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October 2002
Is Your Student Thinking About a Credit Card?

Students are back to school and are managing a much more complicated financial life than when I attended college in the early 1980s. According to a survey by Student Monitor, a New Jersey research firm, the typical student has a college loan, a checking account, a savings account, a credit card, an ATM card, a debit card, a prepaid phone card, and a stored-value student identification card. Unfortunately, most high school and many college students lack experience paying bills or covering their living expenses.
Credit cards are an increasing problem for students, who are being deluged with credit card offers—some targeted at even the very young. My two children are under age 10, but they have each recently received several credit card solicitations.
The statistics are troubling. One study noted by the U.S. General Accounting Office found: 64 percent of all college students have at least one credit card and many have four or more; 25 percent of all students have a credit limit of $5,000 or more while 24 percent have a credit limit of $1,000 or less; 86 percent of students pay their own credit card bill, but 41 percent do not pay their bill in full each month.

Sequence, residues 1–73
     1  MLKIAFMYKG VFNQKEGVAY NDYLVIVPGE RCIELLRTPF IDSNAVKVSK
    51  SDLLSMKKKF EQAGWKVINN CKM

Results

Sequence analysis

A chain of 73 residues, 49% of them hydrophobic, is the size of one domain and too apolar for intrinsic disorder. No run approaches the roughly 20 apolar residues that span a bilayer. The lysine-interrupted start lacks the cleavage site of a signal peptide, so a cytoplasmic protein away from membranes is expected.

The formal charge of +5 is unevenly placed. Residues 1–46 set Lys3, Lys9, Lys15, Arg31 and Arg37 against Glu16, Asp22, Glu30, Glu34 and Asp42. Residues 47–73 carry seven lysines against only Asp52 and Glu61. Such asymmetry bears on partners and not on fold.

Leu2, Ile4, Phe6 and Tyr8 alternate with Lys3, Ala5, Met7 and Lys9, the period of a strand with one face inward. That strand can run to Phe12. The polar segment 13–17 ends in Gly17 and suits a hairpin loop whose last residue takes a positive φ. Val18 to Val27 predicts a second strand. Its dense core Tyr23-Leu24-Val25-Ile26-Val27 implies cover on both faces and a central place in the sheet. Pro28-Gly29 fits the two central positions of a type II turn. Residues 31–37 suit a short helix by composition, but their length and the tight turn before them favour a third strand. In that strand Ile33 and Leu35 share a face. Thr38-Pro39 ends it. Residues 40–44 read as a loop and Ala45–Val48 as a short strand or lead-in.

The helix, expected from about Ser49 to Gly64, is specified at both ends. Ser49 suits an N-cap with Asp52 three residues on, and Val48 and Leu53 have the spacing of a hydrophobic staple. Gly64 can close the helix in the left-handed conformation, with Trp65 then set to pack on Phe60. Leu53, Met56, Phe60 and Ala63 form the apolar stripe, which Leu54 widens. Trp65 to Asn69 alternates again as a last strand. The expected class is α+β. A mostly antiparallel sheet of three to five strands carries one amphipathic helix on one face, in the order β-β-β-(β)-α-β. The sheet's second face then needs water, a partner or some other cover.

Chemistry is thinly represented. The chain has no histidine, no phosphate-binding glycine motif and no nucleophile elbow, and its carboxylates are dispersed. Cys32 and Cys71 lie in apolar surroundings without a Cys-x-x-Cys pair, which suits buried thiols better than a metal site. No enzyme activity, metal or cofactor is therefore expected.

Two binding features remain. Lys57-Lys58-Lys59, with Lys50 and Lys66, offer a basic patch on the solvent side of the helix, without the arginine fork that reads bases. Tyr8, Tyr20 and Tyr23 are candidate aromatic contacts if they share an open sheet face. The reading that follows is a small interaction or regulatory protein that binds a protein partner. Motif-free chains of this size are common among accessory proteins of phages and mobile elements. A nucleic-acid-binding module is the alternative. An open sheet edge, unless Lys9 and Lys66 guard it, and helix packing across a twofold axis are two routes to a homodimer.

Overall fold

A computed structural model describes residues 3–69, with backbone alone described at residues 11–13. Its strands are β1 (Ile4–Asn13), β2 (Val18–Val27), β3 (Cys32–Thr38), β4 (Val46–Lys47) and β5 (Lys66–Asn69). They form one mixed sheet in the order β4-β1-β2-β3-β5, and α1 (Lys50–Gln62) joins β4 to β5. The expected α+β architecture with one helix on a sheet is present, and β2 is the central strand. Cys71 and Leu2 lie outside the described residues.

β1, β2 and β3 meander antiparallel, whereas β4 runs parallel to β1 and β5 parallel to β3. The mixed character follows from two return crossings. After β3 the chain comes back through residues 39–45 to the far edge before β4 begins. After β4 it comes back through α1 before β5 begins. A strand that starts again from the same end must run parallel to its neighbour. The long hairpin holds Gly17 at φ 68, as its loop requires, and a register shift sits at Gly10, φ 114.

Some college campuses discourage credit cards and others, according to parent complaints, aggressively market them to students. The UW System, for example, has an uneven record promoting credit cards. Nationwide, Discover Financial Services estimates 15 percent of college s no longer allow credit card companies to solicit on campus.
The card vendors respond to parents’ concerns by arguing they provide students with the opportunity to learn financial responsibility. Issuers also note they supply educational materials to students to help them better manage their money.
What should you do to ensure your child does not quickly fall into high-interest credit card debt? First, decide if a debit card or a stored-value card is a better option, since they allow the student to spend up to a preset amount. This prevents spending from getting out of control. However, be aware that if you lose either card, you could initially lose the amount in the account.
Second, parents or students should also place lower initial credit limits on the card so the student has the opportunity to build up financial experience —a $300 credit limit is fairly common. For parents who want to play a more active role in their children’s financial life, credit card issuer MBNA recently introduced a card that allows parents to set the credit limit, receive a copy of their child’s bill, and monitor charges online.
Finally, shop carefully for a credit card. Blue for Students, an American Express card, charges 8.9-percent interest while the Discover Card carries a nearly 17.99-percent rate. Bankrate.com is a good website where you can compare interest rates, monthly fees, and grace periods on various credit cards.

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